Do you currently have the option to invest in your company 401k plan? If your company offers 401k investment options, then they might offer a Roth 401k option as well. Much like a Roth IRA, a Roth 401k allows you to invest your after-tax money, which then means that you can withdraw funds tax-free in retirement. When people hear about this option, they get excited and wonder, “Should I max out my Roth 401k?”
Should I Max Out My Roth 401k?
As with most financial questions, the answer to this one is, “It depends”. In the majority of situations however, I would nod my head and respond, “Yes”.
As of this date, the Roth 401(k) maximum contribution is $18,000, while the Roth IRA maximum contribution is set at $5,500. Each year, an investor is allowed to put this maximum amount into their Roth in order to enjoy investment growth and a tax free withdraw in retirement (Note: Some earn too much money to invest in a Roth, but can still perform a backdoor contribution). I have personally asked myself the question, “Should I max out my Roth 401k?” and have just recently increased my contribution to the maximum for these four reasons:
1) Taxes Will Likely Increase
The national debt is now over $18 trillion and is rising fast. There are concerns by many that our nation's debt is far too large to ever repay. Now, whether you believe that or not, I'm sure we can all agree that the debt amount is quite large and might require an income tax hike in the future. If this happens prior to your retirement years, then it would have made more sense to pay your taxes earlier, right? Exactly. Why not pay 25% today to avoid paying a 30% tax in your retirement years?
2) You Can Afford It Now
If you ask any retiree, “Do you wish that you would have paid taxes on your investments back when you were contributing?” many of them would answer with a resounding, “Yes”. The reason for this is simple. In your earning years, you'll likely have more money coming in than in your retirement, which would make it easier for you to pay the tax during those working years. In your retirement, your income will likely be pretty fixed, and ever dollar matters. Why not pay the tax when you can more easily afford it? Your future self might thank you for this.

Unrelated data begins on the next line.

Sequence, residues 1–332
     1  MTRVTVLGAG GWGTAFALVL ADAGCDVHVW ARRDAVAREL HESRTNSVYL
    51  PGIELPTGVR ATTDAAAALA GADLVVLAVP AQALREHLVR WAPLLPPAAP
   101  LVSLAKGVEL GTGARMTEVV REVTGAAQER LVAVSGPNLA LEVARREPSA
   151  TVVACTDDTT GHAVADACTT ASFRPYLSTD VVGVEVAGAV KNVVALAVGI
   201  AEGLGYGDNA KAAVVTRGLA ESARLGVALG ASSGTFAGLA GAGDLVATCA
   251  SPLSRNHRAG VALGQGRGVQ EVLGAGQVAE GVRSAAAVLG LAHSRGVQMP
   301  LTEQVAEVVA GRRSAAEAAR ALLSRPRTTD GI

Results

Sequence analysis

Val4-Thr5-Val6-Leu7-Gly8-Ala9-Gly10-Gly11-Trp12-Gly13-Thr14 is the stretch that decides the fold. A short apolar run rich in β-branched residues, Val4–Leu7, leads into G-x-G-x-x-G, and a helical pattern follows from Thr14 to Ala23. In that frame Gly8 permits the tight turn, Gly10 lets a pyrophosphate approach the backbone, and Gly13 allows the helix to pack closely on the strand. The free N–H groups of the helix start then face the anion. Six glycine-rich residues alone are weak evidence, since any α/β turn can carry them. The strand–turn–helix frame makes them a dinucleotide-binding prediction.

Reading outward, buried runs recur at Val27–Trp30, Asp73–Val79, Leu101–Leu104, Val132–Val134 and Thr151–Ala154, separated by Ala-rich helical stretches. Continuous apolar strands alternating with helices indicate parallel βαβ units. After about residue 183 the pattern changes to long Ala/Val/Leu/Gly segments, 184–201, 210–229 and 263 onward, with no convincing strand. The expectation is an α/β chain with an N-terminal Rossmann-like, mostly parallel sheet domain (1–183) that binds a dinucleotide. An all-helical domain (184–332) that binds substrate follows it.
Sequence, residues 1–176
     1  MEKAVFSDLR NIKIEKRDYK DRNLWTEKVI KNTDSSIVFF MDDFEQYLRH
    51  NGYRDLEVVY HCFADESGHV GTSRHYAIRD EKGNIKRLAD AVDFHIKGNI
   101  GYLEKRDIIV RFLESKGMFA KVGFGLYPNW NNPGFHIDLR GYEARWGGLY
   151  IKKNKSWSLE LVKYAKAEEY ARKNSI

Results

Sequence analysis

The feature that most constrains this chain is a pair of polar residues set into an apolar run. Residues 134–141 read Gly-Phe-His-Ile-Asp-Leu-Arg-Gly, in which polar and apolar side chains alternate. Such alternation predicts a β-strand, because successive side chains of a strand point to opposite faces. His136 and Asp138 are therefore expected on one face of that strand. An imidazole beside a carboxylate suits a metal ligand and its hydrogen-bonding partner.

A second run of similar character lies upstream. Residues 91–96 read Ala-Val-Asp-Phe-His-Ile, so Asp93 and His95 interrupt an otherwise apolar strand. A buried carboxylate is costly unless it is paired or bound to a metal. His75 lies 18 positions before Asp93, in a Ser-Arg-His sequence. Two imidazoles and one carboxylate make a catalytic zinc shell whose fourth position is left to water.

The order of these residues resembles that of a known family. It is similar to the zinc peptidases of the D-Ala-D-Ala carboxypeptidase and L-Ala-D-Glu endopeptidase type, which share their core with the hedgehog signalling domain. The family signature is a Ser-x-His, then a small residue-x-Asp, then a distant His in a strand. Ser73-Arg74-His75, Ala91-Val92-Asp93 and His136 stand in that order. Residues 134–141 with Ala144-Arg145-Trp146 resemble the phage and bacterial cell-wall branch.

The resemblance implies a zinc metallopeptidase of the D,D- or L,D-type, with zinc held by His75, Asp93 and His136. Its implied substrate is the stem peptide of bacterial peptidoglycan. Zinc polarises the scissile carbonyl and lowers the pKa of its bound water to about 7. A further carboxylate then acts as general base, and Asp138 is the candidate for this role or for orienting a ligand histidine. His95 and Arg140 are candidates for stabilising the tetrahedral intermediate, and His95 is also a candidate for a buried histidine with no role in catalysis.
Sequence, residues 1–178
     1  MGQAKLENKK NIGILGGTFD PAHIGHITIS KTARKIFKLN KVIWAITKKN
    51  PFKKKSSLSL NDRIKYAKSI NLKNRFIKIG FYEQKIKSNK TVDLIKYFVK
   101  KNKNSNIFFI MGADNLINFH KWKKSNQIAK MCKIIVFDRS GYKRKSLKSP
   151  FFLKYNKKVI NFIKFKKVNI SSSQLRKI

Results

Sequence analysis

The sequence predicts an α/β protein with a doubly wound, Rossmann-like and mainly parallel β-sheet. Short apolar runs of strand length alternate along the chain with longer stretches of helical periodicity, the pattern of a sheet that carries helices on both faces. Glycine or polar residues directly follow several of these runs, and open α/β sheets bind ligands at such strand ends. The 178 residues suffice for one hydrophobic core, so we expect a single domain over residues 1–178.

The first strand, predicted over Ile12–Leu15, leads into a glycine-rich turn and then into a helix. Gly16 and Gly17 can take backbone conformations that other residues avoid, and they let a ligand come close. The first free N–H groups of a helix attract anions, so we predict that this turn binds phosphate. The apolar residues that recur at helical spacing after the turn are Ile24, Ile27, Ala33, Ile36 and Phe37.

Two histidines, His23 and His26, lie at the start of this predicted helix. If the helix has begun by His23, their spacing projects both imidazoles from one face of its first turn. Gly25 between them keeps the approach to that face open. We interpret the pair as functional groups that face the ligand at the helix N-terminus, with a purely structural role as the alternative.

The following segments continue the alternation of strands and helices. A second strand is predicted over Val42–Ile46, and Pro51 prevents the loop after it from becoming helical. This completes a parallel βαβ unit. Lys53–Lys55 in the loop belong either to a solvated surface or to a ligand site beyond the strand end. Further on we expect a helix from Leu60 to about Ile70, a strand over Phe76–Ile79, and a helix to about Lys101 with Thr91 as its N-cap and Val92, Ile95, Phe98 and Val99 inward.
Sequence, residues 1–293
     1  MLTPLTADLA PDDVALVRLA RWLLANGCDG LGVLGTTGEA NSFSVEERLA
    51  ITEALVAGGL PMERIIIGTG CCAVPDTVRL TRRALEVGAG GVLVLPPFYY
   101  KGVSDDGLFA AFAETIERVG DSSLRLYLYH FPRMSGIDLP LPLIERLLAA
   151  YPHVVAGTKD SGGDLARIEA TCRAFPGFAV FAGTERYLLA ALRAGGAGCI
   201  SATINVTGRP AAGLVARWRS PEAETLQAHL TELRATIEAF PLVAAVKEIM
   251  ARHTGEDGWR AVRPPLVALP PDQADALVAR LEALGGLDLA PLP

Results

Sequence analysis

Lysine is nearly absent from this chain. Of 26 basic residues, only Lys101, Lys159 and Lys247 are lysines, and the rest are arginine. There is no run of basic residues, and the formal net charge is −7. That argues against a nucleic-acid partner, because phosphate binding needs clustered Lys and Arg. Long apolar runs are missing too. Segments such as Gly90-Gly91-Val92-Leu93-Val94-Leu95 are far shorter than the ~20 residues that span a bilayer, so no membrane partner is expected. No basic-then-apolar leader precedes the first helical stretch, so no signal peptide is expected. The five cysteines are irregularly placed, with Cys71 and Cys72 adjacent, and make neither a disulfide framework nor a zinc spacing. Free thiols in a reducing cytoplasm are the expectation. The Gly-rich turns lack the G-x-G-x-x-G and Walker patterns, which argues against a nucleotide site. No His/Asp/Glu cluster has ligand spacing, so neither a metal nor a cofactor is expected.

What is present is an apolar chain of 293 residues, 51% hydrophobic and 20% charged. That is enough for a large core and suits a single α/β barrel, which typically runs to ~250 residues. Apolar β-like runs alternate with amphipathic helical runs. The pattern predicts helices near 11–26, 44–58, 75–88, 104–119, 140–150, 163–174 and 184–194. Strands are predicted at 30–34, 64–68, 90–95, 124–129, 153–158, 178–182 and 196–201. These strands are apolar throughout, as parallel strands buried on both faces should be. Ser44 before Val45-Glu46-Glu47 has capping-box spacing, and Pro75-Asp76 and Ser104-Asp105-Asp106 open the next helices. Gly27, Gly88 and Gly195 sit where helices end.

3) You'll Never Have Too Much Money
Some people have some crazy tactics when it comes to their retirement planning. I have heard of a few people that are trying to give the government as little of their money as possible. To follow through on this, they basically plan to be destitute in retirement. They'll withdraw very little from their 401k (maybe a small enough amount to pay 0% tax), and when that's gone, they'll live off Social Security and survive on the Medicaid benefit. In my opinion, this is a terrible plan. Why on earth would you want to be broke for 25+ years of your life?? Instead, why not just pay some taxes now and get it over with? This is exactly what the Roth 401k option does for you. Take care of those tax payments now and withdraw your piles of money carefree in retirement.
4) Simple Estate Planning
Because the Roth 401k is an after-tax benefit, it becomes an excellent tool for estate planning. If you would like to will your kids some money upon your death, then why not leave them the remains of your Roth 401k? Since the tax was already paid on the money, your kids will owe no money upon the transfer of those dollars. In fact, they can inherit up to $5,000,000 from you without seeing one single dollar of that go toward taxes! With this single benefit, maxing out your Roth 401k might become completely worthwhile.
The One Reason Not to Max Out Your Roth 401k
As I stated in the first paragraph, in response to the question, “Should I max out my Roth 401k?” sometimes the answer is “no”. Why would this be the case? For me, it's the simple reason of diversification.
Within your Roth 401k, you could invest in stocks, bonds, mutual funds, index funds, and probably even some foreign markets, and you would consider yourself diversified. I, on the other hand, would not. While this diverse platter of investments is certainly better than buying a single stock and hoping for the best, I still don't consider it to be diverse enough. After all, if the stock market crashes tomorrow, do you think any part of your “diverse” purchases would rise in value? Probably not. Even the most “safe” investments will likely fall when the global market crashes.
If you barely have enough money to max out your Roth 401k, then I would suggest not doing it. It would be wiser to invest a comfortable amount in the 401k, and then investing the remainder of your money in other investment options like real estate, collectibles, precious metals, or even a side business. It is never wise to put all of your eggs in one basket, so be sure to invest some of your money outside of the Roth 401k as well.
Are you currently maxing out your Roth 401k?